medicinal plants

Conrad Richter conrad at richters.com
Mon Oct 31 07:20:20 EST 1994


rapienmk at hiram.edu writes:

>            Hello!  I have a question which hopefully someone will be able to 
> answer.   I am writing a paper on medicinal properties of certain plants.  Th
> plants I am concentrating on are:  willow, catnip, witch hazel, bloodroot, 
> stinging nettle, and mayapple.  I need information about their uses, the 
> chemical composition of their active ingredients, and modern medical 
> derivatives and/or synthetic substitutes.  I am trying to look this 
> information up in my college library, but without a computerized system it is
> difficult and tedious to find updated useful information.  If anyone knows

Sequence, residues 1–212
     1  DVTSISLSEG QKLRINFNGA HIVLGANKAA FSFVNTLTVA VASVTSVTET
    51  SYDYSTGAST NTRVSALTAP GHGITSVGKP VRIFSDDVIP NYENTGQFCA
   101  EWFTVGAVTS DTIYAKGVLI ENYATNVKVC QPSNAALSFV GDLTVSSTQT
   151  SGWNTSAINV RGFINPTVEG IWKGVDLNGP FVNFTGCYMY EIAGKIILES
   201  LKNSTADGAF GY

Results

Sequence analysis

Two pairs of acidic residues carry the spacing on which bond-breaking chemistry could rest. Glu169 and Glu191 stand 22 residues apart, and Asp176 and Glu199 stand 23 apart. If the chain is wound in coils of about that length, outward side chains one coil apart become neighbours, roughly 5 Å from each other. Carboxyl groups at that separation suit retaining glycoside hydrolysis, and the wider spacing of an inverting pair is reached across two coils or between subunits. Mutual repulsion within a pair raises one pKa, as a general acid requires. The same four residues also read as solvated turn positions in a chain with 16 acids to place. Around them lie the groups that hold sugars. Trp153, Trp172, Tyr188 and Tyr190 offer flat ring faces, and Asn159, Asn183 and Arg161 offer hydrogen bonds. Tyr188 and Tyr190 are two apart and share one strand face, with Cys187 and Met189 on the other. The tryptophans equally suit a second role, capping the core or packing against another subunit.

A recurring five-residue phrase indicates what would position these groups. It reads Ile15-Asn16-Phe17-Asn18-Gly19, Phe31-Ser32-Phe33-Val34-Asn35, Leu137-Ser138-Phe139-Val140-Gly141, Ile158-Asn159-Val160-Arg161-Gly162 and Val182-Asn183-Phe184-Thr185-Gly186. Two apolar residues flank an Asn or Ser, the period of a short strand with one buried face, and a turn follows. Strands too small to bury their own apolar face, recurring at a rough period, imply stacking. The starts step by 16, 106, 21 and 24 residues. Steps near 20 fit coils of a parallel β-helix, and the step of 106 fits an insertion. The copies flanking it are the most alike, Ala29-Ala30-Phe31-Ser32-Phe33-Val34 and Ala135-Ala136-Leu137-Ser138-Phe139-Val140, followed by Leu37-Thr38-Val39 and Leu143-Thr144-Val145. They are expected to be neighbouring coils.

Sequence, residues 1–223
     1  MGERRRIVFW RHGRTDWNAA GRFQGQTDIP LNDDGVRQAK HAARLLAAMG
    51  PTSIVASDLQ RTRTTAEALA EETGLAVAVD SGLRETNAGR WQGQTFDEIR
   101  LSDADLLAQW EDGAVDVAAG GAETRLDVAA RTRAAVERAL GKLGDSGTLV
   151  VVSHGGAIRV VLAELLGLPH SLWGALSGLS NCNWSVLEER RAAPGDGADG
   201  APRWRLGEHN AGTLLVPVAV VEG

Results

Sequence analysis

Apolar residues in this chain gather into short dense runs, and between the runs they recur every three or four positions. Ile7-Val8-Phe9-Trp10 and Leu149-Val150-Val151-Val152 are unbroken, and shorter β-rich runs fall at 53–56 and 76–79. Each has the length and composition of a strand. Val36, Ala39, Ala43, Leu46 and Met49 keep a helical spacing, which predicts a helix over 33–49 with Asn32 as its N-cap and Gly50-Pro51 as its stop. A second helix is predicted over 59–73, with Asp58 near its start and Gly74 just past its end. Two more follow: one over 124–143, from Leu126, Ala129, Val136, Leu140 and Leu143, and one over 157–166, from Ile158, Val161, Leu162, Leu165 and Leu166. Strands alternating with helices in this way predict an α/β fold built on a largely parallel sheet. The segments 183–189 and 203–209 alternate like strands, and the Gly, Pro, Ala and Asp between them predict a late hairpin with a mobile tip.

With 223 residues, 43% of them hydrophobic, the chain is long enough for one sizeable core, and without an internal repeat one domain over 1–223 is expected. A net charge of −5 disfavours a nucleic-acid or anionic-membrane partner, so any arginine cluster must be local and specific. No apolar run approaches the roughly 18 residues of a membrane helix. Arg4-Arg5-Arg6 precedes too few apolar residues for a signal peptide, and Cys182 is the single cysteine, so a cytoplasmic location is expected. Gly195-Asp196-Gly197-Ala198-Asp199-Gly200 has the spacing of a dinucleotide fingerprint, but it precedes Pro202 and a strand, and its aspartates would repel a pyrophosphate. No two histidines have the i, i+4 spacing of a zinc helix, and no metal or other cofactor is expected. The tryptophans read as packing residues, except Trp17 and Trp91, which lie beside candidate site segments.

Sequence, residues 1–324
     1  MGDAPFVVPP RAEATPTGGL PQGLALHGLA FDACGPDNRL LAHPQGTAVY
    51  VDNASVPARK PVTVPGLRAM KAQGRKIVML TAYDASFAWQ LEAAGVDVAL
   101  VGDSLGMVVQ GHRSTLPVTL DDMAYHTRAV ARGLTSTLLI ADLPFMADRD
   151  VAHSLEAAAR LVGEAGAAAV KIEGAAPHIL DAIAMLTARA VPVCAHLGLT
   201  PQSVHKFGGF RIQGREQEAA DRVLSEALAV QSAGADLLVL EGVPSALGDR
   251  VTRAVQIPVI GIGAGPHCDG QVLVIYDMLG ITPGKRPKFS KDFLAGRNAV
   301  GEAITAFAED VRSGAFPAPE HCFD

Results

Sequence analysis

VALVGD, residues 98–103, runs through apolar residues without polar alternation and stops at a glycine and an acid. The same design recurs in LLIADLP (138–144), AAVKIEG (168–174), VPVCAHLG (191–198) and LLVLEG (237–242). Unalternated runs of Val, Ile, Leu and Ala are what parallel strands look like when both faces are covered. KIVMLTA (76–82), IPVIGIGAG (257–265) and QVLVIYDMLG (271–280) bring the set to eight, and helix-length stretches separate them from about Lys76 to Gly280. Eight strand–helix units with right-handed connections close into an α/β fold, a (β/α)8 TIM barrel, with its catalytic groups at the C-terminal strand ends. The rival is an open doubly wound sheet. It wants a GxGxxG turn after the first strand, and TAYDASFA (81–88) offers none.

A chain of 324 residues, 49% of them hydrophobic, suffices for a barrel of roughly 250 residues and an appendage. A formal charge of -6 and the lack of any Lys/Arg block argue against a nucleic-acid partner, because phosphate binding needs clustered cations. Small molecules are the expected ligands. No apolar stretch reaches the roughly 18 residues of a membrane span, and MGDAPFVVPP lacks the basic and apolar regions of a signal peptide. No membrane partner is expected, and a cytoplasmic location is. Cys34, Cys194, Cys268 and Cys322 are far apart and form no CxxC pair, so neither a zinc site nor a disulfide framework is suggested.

> anything about these plants, or knows what books or journals I could turn to,
> your help would be greatly appreciated.  Please send replies to my e-mail 
> address if possible.   Thank you very much for your time.

Except for willow, the _CRC Handbook of Medicinal Herbs_ by James Duke
(CRC Press, Inc., Boca Raton, FL, 1985) would be a good start with lots 
of references to the primary literature.  For willow, you can some of what 
you want from _Medical Botany_ by Walter H. Lewis and Memory P.F. Elvin-
Lewis (John Wiley & Sons, New York, 1977).  Although these seem old, the 
literature on these species has not changed a whole lot.  For more recent
data (active constituents, properties, etc.) you'll have to go through
the subject indices of journals like Economic Botany, Phytochemistry, 
and the Journal of Natural Product Research.  

I am surprised that Duke did not include willow in his treatise, since it 
was inspiration for one of the most used drugs today, aspirin.  

Conrad Richter


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